Science & Tech

Bolstering private environmental management

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Wisdom questioned of new government regulatory approach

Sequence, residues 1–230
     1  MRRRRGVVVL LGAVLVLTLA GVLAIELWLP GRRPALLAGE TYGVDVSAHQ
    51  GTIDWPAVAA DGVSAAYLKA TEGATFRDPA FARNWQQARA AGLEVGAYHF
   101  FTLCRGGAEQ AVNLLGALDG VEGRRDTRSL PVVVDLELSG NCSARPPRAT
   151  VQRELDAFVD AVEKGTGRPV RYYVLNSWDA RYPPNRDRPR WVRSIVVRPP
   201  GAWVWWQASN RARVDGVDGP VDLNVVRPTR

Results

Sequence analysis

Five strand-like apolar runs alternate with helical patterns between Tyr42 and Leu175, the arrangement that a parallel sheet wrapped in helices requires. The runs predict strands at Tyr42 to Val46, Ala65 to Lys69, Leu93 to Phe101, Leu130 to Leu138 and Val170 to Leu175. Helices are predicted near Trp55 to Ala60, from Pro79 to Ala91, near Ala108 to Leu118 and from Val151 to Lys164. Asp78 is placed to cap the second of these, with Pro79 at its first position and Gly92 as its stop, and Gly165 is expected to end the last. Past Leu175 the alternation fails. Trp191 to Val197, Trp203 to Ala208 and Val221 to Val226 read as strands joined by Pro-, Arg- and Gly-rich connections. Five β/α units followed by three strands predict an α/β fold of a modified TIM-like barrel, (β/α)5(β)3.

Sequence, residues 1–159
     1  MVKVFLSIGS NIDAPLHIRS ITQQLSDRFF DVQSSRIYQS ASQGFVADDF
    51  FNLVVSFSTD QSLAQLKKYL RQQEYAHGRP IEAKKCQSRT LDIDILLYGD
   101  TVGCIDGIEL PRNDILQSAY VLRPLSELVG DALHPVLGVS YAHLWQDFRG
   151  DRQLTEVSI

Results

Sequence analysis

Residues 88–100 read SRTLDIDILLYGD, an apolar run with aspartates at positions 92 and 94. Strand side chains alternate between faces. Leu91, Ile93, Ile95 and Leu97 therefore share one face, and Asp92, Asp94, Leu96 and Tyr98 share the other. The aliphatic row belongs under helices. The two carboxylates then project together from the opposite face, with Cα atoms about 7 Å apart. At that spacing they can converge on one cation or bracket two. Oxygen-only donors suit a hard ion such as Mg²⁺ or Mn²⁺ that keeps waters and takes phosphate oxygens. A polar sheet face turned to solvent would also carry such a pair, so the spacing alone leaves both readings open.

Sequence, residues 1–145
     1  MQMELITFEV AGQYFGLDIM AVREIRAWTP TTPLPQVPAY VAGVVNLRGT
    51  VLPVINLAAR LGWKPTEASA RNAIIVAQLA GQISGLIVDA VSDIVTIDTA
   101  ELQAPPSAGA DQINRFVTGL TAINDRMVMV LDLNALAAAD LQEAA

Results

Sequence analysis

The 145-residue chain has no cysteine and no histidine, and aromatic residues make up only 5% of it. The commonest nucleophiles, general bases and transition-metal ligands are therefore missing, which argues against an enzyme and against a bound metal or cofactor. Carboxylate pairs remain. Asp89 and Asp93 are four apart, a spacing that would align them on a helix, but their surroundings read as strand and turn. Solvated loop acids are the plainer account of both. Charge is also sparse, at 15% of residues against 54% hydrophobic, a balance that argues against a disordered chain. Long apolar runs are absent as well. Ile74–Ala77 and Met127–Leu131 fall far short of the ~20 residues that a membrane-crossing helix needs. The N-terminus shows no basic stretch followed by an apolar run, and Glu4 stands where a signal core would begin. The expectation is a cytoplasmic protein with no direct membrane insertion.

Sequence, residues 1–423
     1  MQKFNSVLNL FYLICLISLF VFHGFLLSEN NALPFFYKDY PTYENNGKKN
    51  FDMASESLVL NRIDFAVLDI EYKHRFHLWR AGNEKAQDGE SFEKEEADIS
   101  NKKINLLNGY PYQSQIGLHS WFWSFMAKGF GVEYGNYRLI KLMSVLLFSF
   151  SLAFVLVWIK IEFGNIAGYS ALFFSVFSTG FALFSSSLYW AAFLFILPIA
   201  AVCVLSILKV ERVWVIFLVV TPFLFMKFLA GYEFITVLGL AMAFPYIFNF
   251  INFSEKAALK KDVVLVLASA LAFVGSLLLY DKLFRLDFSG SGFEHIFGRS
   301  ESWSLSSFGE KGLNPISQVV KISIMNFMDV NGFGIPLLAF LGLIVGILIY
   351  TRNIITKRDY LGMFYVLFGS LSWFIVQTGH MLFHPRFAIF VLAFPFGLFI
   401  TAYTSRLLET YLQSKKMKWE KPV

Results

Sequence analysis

How can government agencies best regulate private firms’ impact on the environment? One popular new approach — advocated by state agencies and by the U.S. Environmental Protection Agency — is to create “tracks” of environmental performance to identify strong and weak performers. Strong performers receive recognition and rewards, including flexibility in meeting enforcement goals. Two Harvard researchers question the wisdom of this philosophy, however, finding flaws in the new approach to what are called environmental management systems, or EMS. Cary Coglianese, associate professor of public policy and chair of the Regulatory Policy Program at the Kennedy School of Government, and Jennifer Nash, director of the Regulatory Policy Program, point out that “Improvements may depend much more on how effectively and ambitiously an EMS is implemented, how well the organization is managed overall, and how committed the managers are to seeing that the firm achieves real and continuous improvement. These factors will always be harder for public agencies to assess. Reduced regulatory oversight may actually weaken the EMSs that firms implement, because incentives for using EMSs aggressively to achieve positive outcomes may be reduced.”